We purchased our home at auction in 2014, it was a beautiful sunny day and the street was brimming with bidders, busy bodies and neighbours; it was quite the competition and we won. I was ecstatic, my first home, we paid a little more than we had hoped, but to me, it was perfect. I had some idea about the drug use on Vic St, but having spent 7 years in very urban London, I didn’t think it would faze me too much.
A few days later, I excitedly drove my sister and 2-year-old nephew over to have a look and as I opened the car door, I spotted two uncapped syringes in the gutter. My barefoot nephew was quickly lifted into arms.
That weekend the old owners invited us over for a cuppa and a chat, “A few years back everyone got together and put removable tap heads out the front to discourage the drug users”. We hadn’t even completed on the sale and the enormity of the problem was already very obvious.
Roll forward 11 months and we welcomed a baby boy into the world.
The first time we had to tell someone to get out of the front yard, my baby was 3 weeks old and sleeping in the front room. He was polite enough.
It was only a month ago that, baby was ‘driving’ while I packed the car. As I opened up the garage door, I was confronted to find someone injecting in the fire door nook opposite - he was so close that I could see the blood in the syringe.
The first time my husband got up on the roof to clear out the gutters there was a couple injecting in their car parked directly out the front. They had their hit and drove straight off. We didn’t think about it too much, until a few months back when we were walking down Park Street and a car slammed into the back of the vehicle parked beside us, pushing it forward a car length. Was this just another junkie, whose hit was stronger than usual and he’d blanked out behind the wheel?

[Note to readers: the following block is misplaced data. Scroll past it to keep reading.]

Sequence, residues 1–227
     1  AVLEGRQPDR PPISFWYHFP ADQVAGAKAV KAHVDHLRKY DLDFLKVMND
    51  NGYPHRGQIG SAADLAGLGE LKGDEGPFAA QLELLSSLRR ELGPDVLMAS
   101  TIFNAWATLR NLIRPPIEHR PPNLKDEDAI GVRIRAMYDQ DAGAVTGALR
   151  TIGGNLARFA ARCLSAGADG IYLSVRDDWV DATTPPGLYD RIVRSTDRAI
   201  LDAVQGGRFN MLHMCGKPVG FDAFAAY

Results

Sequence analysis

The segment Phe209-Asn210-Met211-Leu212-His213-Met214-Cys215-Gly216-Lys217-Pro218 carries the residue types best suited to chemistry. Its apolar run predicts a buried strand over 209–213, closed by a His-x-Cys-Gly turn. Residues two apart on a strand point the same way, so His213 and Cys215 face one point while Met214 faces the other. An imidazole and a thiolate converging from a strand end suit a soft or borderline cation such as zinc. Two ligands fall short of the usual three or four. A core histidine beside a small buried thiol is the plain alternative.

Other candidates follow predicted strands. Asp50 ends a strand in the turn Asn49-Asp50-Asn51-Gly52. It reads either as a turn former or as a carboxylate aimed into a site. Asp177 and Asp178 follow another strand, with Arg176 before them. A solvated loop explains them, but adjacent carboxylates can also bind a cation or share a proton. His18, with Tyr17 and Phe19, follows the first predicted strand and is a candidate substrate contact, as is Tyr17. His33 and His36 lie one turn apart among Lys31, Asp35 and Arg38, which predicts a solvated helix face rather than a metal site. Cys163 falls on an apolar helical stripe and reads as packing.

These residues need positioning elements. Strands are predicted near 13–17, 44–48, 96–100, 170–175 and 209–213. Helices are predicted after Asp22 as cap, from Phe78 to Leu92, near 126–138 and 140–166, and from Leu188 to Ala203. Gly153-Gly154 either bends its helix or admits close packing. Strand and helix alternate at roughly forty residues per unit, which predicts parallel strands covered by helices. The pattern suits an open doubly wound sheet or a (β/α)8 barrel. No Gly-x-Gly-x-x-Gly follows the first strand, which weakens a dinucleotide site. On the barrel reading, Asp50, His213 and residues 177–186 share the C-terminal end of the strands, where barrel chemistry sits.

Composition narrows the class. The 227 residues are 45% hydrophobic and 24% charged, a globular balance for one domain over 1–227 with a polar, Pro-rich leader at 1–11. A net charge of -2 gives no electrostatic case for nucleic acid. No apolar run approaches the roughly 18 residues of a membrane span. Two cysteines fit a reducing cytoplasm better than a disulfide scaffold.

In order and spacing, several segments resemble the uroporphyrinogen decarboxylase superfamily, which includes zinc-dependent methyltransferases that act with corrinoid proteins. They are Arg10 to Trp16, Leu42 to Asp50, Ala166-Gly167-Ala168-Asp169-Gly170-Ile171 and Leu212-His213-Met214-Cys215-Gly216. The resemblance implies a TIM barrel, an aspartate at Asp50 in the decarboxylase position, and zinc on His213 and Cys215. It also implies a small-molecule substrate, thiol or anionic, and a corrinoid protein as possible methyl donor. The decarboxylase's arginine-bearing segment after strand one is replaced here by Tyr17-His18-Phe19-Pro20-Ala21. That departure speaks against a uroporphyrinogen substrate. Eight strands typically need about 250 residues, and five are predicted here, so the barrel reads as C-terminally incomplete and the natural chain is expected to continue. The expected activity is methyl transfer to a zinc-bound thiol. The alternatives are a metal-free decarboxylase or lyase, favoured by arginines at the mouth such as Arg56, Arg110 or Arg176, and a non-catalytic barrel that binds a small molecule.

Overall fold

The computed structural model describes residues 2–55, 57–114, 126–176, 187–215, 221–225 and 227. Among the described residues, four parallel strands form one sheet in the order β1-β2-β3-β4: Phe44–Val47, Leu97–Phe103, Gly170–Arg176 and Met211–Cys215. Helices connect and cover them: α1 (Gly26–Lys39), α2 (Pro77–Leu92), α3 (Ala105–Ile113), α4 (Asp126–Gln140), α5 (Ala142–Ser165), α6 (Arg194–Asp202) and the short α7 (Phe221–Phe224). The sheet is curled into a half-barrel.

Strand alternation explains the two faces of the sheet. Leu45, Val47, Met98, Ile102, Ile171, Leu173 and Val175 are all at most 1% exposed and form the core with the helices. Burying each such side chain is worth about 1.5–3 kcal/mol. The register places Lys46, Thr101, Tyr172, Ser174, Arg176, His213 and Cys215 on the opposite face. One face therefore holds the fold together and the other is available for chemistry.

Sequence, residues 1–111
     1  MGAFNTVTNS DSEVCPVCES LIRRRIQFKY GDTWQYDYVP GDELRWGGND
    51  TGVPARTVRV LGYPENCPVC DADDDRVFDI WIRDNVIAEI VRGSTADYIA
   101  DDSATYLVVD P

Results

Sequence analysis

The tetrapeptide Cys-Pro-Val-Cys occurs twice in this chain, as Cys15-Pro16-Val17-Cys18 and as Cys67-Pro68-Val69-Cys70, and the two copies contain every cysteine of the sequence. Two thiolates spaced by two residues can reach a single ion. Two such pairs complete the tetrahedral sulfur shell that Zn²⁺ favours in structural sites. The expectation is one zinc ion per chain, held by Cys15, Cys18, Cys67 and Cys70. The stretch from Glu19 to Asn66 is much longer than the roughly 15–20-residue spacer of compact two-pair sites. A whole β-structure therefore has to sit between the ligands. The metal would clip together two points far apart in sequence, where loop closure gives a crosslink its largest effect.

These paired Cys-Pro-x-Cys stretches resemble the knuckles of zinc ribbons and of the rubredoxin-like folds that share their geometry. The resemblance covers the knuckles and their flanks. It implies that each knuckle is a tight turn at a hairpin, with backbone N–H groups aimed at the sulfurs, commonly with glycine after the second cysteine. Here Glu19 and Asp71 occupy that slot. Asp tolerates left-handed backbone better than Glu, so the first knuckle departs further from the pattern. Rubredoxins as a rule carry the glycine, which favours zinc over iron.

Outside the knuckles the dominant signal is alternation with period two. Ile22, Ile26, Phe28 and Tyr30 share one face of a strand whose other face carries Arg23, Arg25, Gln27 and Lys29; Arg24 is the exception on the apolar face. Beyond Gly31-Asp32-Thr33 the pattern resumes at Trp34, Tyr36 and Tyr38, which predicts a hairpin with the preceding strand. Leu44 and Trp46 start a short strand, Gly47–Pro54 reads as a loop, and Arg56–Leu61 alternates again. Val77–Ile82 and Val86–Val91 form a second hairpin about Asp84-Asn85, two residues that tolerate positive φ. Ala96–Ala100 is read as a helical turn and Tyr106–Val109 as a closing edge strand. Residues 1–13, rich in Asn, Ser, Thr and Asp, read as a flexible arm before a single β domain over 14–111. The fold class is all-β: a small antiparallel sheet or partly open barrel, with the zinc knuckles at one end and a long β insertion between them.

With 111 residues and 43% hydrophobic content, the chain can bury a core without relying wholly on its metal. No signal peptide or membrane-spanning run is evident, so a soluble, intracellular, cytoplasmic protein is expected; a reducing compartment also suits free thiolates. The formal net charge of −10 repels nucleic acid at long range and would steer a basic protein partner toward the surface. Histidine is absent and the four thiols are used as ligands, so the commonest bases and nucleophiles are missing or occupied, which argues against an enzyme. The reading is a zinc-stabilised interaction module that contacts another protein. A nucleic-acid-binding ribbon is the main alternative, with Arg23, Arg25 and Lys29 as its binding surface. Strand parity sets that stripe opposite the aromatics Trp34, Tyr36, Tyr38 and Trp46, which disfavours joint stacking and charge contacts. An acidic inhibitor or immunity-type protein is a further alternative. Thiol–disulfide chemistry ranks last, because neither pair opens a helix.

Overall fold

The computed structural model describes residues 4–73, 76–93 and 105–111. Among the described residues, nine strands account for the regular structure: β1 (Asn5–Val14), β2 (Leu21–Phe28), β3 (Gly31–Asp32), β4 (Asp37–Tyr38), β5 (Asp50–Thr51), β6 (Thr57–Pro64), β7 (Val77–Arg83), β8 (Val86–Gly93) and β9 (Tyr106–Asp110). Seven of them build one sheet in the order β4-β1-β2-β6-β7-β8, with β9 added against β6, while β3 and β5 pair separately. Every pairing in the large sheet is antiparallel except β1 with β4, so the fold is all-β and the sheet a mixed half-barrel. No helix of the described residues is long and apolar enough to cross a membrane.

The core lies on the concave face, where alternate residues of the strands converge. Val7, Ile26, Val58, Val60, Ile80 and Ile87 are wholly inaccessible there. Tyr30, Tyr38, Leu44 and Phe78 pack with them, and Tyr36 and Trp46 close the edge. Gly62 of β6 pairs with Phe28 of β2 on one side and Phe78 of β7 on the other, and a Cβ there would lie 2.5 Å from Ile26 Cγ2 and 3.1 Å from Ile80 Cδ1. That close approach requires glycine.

Two years on William St and the things I have seen don’t make for polite conversation. If it were just me I could almost pretend that it was all okay. But it isn’t just me. I have a child, an all-seeing, totally innocent baby boy – too soon he will start seeing these things and the questions will start. What do I say when the questions start?
Mummy, what’s this?
Mummy, what is that man doing?
Mummy, why does that lady look so sad?
Mummy, why is that man hitting all the street signs with a stick?
Mummy, why is there a strange person in our front yard?
Mummy, why do I have to put shoes on?
Mummy, why can’t I play out the front?
Mummy, why is their an ambulance on the street?
Mummy, why did they smash that car window?
Mummy, why is that man sleeping?
Mummy, is that woman dead?
Tell me, what do I say?
Tell me, what do I do?
Tell me, what do I do?
I cross the road when I can, turn the other way, walk faster or simply stop. But when there is a man sitting crossed legged on the footpath, out the front of your house, injecting themselves at 11am - there is really nothing you can do to avoid it.
Do I just give up and move? Pass the problem onto the next couple, just like us, newly married about to start a family?
We can’t keep on passing this problem on. It’s been 20 years. I don’t want to pass this problem on; I want to work for a solution. This is why I support a Medically Supervised Injecting Centre.